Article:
It may be a bit more difficult to have a one-to-one meeting with your governor. However, when he/she attends events around your state, plan to attend and ask a pertinent question (about bridges, roads, housing, education, budgets, etc) during the session. You can follow up with the designated staff member attending the event with the governor. They never travel to events alone.
Google your state house for more information on contacting your representative or senator. Some state legislators meet at designated times of the year, per their Constitution. The Texas Legislature meets in regular session on the second Tuesday in January of each odd-numbered year. The Texas Constitution limits the regular session to 140 calendar days.
Others meet at selected times of the year. (Massachusetts State Legislature is called the General Court.) The Massachusetts Legislature has a two year cycle. The current cycle runs from January 2011 to July 2012. (The Massachusetts legislators are elected every two years. Currently informal sessions are being held at the State House throughout the summer months. I called Governor Patrick’s office and then my own Senator Rodrigues’ office to find this out.) The times your state legislature meets depends on your state constitution.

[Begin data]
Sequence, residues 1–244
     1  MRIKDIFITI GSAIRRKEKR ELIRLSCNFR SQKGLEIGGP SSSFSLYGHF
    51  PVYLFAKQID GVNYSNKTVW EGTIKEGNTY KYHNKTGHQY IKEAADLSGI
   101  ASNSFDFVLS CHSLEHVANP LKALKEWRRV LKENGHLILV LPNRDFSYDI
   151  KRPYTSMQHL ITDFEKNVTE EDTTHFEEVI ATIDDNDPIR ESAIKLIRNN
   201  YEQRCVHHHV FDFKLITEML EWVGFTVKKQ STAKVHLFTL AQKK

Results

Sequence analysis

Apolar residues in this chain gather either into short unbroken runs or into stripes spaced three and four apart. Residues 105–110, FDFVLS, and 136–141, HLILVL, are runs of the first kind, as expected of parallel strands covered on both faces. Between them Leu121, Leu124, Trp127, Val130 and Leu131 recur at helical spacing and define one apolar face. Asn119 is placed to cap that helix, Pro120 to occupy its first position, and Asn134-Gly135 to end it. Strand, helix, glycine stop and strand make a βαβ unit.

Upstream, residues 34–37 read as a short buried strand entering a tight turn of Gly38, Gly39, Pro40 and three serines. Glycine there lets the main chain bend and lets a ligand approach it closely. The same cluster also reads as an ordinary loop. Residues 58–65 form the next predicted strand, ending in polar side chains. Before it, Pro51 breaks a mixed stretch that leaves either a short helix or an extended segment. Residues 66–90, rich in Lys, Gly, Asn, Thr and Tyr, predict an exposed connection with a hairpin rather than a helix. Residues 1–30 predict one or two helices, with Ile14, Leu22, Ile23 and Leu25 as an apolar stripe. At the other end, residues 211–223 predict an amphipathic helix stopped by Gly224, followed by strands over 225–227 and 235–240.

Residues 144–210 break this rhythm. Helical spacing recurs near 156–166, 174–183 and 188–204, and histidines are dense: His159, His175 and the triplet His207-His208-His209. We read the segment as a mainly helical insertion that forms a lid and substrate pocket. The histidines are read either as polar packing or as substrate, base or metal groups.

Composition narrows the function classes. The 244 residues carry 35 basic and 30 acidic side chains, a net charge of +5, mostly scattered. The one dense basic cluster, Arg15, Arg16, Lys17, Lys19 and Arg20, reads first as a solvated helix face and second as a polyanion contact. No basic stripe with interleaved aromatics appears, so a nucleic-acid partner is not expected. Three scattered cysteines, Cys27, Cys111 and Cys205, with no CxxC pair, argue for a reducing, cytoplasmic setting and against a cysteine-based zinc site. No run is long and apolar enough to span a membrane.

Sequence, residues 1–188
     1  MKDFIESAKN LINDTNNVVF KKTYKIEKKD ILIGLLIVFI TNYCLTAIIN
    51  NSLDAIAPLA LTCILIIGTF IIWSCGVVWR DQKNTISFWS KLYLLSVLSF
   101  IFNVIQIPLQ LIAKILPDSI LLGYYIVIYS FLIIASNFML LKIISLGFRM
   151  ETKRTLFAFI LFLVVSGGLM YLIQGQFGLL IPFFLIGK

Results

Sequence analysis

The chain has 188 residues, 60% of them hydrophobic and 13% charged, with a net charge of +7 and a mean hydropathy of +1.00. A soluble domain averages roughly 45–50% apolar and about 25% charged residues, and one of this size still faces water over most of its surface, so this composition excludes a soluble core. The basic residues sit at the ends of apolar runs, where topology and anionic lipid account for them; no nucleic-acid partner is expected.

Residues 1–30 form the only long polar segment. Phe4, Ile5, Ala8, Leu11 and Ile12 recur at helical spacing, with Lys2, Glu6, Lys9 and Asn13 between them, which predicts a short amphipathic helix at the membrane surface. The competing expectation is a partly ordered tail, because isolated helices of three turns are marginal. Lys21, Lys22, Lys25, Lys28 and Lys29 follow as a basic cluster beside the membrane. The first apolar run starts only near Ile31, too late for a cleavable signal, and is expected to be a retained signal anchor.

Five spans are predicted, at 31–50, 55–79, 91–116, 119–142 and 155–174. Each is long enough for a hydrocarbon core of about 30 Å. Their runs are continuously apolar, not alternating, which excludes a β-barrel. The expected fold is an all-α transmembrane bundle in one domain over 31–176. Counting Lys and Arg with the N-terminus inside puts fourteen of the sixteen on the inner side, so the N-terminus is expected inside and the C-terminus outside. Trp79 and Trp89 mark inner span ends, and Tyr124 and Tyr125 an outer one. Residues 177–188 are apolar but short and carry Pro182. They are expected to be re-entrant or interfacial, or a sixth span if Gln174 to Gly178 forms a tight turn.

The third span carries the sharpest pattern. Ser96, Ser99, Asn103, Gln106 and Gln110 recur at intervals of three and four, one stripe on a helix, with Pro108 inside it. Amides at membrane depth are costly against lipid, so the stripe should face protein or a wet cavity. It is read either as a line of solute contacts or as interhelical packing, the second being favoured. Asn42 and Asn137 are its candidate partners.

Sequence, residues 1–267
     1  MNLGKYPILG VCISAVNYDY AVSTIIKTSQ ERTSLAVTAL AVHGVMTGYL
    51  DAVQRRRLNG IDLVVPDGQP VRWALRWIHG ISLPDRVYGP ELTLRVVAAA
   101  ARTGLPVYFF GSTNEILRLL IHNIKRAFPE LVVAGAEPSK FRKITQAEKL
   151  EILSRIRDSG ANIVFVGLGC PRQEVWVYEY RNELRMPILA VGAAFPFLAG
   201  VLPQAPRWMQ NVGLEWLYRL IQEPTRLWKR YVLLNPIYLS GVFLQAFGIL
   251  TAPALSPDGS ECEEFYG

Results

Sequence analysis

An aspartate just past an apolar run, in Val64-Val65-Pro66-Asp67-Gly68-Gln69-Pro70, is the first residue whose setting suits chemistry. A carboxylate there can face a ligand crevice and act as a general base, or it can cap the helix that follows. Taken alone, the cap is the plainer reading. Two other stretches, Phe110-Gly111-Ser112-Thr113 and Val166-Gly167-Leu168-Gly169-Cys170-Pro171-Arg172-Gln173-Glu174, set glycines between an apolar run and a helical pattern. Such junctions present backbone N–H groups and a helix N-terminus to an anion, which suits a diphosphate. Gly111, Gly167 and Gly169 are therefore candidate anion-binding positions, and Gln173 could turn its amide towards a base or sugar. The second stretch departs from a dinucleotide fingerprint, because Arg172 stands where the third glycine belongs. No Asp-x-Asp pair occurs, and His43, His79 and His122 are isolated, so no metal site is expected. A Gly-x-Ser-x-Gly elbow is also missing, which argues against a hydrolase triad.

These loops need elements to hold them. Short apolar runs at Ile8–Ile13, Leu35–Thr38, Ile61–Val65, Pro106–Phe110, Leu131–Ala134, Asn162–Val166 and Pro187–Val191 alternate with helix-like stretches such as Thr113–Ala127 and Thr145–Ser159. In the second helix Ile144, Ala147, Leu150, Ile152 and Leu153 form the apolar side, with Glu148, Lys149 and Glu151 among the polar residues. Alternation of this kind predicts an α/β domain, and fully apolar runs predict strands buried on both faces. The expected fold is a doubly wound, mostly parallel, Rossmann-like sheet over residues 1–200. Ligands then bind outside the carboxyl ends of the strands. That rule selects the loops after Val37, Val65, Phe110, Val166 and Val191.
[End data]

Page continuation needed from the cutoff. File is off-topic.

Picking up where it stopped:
Call your governor’s office to learn more. You also have a better chance of connecting with your legislator at some event in your state (like a public hearing). Walk up to your legislator, introduce yourself, and ask when you can visit his/her office and talk more about your respective issue.
5. Visit The United Nations in New York City
At least once in your life you should visit the United Nations. It’s located in New York City, and much of the building is FREE and open to the public. There’s tight security, so plan your timing accordingly. It might take you 15 minutes to go through security.
The WORLD visits the United Nations every day! The entire world! Forget all of the naysayers who trash the value of the UN, you should plan a visit at some point in your life. There are world exhibits, sessions that you can observe, tours (with a small charge), conferences and events held in the building. I have spoken at the UN as part of conferences, attended luncheons and other events, and find the environment fascinating.
Every world event from hunger, to civil wars are discussed, evaluated and negotiated in the United Nations buildings. Many many school groups visit the building, and it’s fun seeing young people exchange ideas and information at the UN. There is a cafeteria in the building and an extensive bookstore and gift shop. You can reach the building using public transportation. Take your camera and video camera and snap those photos wherever you can. Stop and meet a visitor dressed in their native outfit and learn more about their country. Plan to stay for a half day or a full day. It’s a big complex and will take some time to get through the public parts.
For more information visit www.un.org.
Stay tune for Steps 6-10 in Part Two of this article.
Your comments and suggestions are welcome.